A change in command of the Pakistan Army normally gives way to a degree of romanticism that the new chief will be different from his predecessors, will remain within the ambit of his military domain and allow democracy to flourish. Such a thought process was witnessed when General Ashfaq Pervez Kayani took over in what heralded the end of a decade long dictatorship of General Pervez Musharraf. Kayani turned out to be a quiet, behind the scenes operator who scripted the policy of Pakistan Army’s “holding all authority with no accountability.” General Raheel Sharif was more vocal and visible than his predecessor; he refined the Kayani doctrine to a fine art.
The anointment of General Qamar Bajwa as Pak Army Chief led to another round of euphoria in the Indian media. Bajwa took over in November 2016 with the Indian media going overboard in projecting him as a mature professional soldier, a votary for democracy and more interested in containing the internal security situation of his country. It was said that for once the Prime Minister (Nawaz Sharif) had a say in the selection process which was seen as a positive indication of things to come.
General Bajwa was quick to dispel the euphoria. Even as the country prepared for the elaborate ceremony (almost similar to a coronation) that marks the change of command of the Pakistan Army Chiefs, two terror attacks in the Jammu region demonstrated that Pakistan’s India policy is unlikely to be tweaked under the new incumbent.
By mid-2017, within months of taking over, Bajwa had attained a new high by putting the judiciary too in his pocket and engineering the ouster of Prime Minister Nawaz Sharif through it. The situation was most aptly described by a noted journalist, FS Aijazuddin, with his fateful words, “Elected governments in Pakistan have less to fear from the Indian Army than from their own- with good reason. For almost 60 years, since October 1958, politicians have lost every battle to gain the higher ground of civilian supremacy.” Within a year of the ouster of Nawaz Sharif, Bajwa scripted defeat of the main political parties in an election that witnessed blatant rigging with active support from his army. He placed at the helm, Imran Khan, a political light weight who has ever since toed his line. Thus, General Bajwa managed to take the policy of ‘holding all authority with no accountability,” to the next level.
Bajwa has recently changed the Director General of the notorious military spy agency ISI; the new incumbent, Lt. Gen. Faiz Hameed, is a known confidante of his. He has also empowered his Director General of Inter-Services Public Relations (ISPR), Major General Asif Ghafoor, to speak freely on all governance issues be they political, economic, diplomatic or on the security affairs. On India particularly all statements emanate from the ISPR, as was seen in the aftermath of the Pulwama and Balakot incidents.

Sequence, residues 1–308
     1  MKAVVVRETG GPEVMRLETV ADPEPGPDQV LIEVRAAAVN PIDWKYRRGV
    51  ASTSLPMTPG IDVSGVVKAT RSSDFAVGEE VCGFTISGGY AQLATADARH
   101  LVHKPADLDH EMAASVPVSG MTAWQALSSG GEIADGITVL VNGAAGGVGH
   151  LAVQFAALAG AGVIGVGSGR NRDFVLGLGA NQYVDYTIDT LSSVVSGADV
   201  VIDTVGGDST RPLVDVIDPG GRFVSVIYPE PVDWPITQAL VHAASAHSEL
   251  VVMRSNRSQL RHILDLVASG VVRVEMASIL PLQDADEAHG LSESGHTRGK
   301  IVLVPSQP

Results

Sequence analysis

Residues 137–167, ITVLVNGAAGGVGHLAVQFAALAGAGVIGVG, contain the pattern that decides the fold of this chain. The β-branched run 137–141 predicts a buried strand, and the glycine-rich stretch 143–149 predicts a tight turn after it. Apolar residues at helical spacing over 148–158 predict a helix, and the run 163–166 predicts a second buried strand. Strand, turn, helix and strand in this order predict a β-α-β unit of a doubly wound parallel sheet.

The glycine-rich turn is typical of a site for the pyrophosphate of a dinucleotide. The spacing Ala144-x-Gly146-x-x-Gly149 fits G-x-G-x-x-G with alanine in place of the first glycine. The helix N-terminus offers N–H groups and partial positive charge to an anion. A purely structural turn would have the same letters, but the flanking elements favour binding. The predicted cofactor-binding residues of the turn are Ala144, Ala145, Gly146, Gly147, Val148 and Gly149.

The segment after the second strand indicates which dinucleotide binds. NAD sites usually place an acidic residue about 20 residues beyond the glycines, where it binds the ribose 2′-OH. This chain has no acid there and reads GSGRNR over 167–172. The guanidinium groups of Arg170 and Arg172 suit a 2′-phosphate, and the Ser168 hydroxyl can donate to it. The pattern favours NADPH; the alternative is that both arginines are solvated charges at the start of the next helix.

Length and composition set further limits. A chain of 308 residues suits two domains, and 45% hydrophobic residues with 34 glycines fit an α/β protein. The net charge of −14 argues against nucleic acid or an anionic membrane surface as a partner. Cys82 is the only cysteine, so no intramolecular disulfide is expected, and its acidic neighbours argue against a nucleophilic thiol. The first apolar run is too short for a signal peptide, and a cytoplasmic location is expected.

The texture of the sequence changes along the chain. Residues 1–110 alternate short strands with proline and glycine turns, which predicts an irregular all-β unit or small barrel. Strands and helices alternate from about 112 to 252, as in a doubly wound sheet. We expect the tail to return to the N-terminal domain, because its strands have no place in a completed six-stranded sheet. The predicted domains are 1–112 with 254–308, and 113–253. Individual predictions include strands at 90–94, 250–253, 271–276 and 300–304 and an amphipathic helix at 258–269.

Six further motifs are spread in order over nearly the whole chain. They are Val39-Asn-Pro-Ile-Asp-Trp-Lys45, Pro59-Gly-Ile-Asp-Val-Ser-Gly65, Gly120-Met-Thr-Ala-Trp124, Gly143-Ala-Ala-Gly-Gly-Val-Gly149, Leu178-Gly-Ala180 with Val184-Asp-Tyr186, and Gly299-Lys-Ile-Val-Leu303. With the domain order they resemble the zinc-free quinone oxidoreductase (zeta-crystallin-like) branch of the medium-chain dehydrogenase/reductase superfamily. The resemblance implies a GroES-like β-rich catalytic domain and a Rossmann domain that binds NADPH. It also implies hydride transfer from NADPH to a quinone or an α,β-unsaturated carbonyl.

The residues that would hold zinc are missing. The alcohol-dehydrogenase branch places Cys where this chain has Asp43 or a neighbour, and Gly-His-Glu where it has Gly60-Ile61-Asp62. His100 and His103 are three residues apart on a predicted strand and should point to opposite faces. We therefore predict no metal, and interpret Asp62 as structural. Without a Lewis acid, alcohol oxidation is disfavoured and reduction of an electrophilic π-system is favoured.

There are, however, a number of spooks in Bajwa’s rollercoaster ride. There is a general disenchantment in the international community with the inability of the Pakistani state (read deep state) in controlling terrorist activities emanating from their soil. The US has stopped most of the aid that it used to provide and is on the verge of imposing sanctions. The European Union was never a big donor yet it’s also veering away. The rising stature of India has much to do in the creation of this environment.
Internally, Pakistan is in a deep financial crisis with no means in place to overcome the same. The insurgent movements are gaining momentum at the agitation level with good use of social media. Good examples are the activities of the Pashtun Tahafuz Movement (PTM) in the frontier regions and the Balochistan Liberation Army (BLA) in Balochistan. Bajwa is finding it a problem to convince China about the security of the flagship China Pakistan Economic Corridor (CPEC) project on which Pakistan seems to be hinging its economic future.
To meet the emerging challenges, General Bajwa has come up with what is spoken of as the “Bajwa Doctrine.” His strategy is based on temporarily normalising relations with India in order to concentrate on the pressure that is being created by the US. Giving a go-ahead, to the Kartarpur corridor, with a beautifully engineered fanfare, and also speaking publically about the need to initiate dialogue with India to resolve all pending disputes are twin prongs of his strategy.
General Bajwa has taken diplomacy in his own hands and is busy visiting foreign countries to garner support for his doctrine. In recent days he has visited China for some renegotiation of the CPEC project. The more significant visit has been to the United Kingdom, the second by him during this tenure. Experts are of the opinion that a main agenda of this visit was to use the UK to reach out to the US and the international community and convince them to reduce pressure exerted on Pakistan to take the lead in improving Indo-Pakistan relations.
The General is not known to hold discussions with the elements of civil government of his country like the National Security Committee of the Cabinet before embarking on such visits nor does he take with him any civilian officials. He holds the meetings and then gives diktats on actions to be taken to the government.
It is often said that, to gain some diplomatic traction, India should talk directly to the Pakistan Army, it being the only decision making authority in the country. This is not feasible for a democratic government. Also, the fundamentalist inclination of the Pakistan Army is well known, so a dialogue, if initiated, is unlikely to accrue any positive results. The only option left for India is to try and strengthen the roots of democracy in the neighbouring country and break the stranglehold of the Army before thinking of any forward movement in relations between the two Nations.